The opposition has claimed that Zambia's presidential elections held Thursday were rigged, as the most recent tally of votes show incumbent Edgar Lungu slightly ahead.
After counting votes from 69 of the 156 constituencies, President Lungu of the Patriotic Front (PF) party was leading with nearly 700,000 votes. Opposition leader Hakainde Hichilema of the United Party for National Development (UPND) had approximately 645,000 votes.
Originally, results were due on Saturday. Due to the delay and the fact that some election observers weren't allowed into the vote collection area, Hichilema's party has claimed the results may be manipulated.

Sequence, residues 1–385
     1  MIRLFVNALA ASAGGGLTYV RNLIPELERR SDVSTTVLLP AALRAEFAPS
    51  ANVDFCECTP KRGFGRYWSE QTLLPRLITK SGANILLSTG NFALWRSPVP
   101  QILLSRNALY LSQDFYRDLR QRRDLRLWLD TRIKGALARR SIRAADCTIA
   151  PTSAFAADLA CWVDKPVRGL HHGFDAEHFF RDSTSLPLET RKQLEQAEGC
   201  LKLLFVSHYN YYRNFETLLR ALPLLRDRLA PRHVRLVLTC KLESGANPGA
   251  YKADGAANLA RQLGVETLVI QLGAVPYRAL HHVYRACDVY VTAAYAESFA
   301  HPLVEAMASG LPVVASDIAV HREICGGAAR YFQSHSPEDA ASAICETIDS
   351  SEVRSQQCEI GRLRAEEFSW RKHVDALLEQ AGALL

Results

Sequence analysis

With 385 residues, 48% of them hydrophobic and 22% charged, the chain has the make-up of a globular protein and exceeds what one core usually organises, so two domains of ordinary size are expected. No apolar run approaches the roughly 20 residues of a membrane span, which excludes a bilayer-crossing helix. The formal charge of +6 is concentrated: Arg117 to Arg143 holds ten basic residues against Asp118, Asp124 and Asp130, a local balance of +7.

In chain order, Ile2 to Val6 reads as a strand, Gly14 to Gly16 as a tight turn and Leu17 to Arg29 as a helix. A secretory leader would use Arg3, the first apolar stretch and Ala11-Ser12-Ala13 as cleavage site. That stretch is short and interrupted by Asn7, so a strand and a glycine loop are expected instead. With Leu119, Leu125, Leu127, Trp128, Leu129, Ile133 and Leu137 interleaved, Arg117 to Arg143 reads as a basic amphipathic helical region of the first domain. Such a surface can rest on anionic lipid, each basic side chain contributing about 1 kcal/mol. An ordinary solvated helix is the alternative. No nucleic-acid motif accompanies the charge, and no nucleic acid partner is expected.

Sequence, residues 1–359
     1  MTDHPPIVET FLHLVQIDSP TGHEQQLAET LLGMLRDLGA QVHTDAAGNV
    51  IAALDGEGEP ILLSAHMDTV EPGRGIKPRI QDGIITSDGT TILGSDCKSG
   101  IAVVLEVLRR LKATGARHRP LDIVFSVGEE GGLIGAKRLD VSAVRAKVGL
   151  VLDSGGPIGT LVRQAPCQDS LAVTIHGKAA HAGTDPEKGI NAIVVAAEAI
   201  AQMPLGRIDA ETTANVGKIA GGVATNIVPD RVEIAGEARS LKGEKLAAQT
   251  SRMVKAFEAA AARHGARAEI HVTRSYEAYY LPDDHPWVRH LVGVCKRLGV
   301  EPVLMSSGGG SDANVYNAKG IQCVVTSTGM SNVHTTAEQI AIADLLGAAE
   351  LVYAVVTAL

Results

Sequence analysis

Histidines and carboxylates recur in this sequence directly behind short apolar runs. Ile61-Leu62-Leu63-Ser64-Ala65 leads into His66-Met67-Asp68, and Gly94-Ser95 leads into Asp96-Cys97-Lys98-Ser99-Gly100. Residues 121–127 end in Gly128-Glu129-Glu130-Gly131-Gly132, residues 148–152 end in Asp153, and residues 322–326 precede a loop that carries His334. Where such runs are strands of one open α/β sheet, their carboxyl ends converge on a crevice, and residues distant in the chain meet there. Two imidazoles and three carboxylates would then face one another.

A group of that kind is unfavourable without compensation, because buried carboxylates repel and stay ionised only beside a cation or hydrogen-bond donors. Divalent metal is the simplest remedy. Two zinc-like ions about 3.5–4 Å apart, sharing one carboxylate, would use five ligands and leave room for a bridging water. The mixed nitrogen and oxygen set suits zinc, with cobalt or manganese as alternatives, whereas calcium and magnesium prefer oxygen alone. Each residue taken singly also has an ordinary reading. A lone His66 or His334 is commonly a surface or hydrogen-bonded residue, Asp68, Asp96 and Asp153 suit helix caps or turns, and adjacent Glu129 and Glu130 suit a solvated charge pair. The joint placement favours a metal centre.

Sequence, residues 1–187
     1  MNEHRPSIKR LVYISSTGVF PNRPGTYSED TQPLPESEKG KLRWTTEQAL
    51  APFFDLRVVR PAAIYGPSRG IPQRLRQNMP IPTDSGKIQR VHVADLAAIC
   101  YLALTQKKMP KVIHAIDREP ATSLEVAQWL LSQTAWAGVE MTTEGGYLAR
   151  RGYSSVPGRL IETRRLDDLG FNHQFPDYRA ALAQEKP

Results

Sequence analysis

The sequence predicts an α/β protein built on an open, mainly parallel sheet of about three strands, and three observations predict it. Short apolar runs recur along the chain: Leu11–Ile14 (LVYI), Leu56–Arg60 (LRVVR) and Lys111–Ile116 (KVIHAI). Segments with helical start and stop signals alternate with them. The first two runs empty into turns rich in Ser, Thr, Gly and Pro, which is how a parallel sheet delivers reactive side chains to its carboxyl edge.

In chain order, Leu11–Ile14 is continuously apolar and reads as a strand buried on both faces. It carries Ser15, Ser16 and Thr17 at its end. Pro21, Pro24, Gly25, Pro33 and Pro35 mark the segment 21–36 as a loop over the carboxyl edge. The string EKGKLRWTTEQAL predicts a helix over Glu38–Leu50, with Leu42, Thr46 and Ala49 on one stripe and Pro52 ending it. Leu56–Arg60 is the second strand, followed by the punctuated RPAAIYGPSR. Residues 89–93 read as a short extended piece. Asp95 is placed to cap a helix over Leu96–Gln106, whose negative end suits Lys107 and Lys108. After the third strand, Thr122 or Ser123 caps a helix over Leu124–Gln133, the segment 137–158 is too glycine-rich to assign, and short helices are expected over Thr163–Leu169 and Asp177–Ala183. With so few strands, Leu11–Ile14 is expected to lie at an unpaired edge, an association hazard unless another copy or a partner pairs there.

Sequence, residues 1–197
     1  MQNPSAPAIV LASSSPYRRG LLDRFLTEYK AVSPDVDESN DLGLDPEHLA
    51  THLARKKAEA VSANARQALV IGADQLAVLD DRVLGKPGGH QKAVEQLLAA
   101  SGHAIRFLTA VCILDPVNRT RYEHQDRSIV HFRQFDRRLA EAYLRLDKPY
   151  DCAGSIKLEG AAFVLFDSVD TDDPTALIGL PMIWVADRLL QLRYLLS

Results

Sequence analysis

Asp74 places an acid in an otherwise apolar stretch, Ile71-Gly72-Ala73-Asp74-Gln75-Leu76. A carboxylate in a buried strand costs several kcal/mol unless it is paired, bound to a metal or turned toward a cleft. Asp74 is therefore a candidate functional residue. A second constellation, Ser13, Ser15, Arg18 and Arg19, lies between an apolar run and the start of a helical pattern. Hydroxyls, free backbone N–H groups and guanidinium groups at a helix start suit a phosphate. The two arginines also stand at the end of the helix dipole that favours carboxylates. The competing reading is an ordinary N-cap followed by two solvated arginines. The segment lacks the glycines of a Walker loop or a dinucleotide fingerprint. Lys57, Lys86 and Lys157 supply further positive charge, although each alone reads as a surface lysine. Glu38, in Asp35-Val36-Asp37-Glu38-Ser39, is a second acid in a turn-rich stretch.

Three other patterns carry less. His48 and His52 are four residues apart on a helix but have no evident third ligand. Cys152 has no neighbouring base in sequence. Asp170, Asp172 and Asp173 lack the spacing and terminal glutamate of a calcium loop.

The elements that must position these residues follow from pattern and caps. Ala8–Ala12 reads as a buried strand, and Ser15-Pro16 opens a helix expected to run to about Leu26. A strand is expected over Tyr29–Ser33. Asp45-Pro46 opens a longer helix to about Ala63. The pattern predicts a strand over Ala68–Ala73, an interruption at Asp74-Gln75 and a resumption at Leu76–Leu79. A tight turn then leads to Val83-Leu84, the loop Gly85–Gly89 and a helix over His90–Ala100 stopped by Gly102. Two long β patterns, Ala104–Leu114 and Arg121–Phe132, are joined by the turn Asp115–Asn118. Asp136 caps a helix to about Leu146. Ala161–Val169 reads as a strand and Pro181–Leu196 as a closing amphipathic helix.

Election observers from the European Union said that they weren't granted access to the area where results were being collected, despite several official requests.
"Election day was generally well-administered and peaceful, but the electoral process was marred by systematic bias in state media, and by restrictions on the campaign," the EU monitor group said.
Around 6.7 million people were registered to vote in the southern African country on Thursday.
Despite featuring a total of nine presidential candidates, the elections were seen as a two-horse race between Lungu and Hichilema.
Zambia is regarded as one of Africa's most successful democracies, with many peaceful changes of power having taken place since multi-party democracy was introduced in 1990.
But Thursday's elections were preceded by a wave of violence, with clashes erupting between opposition and government supporters, and the country's largest independent newspaper, The Post, was meanwhile closed down in what the authorities said was a tax dispute.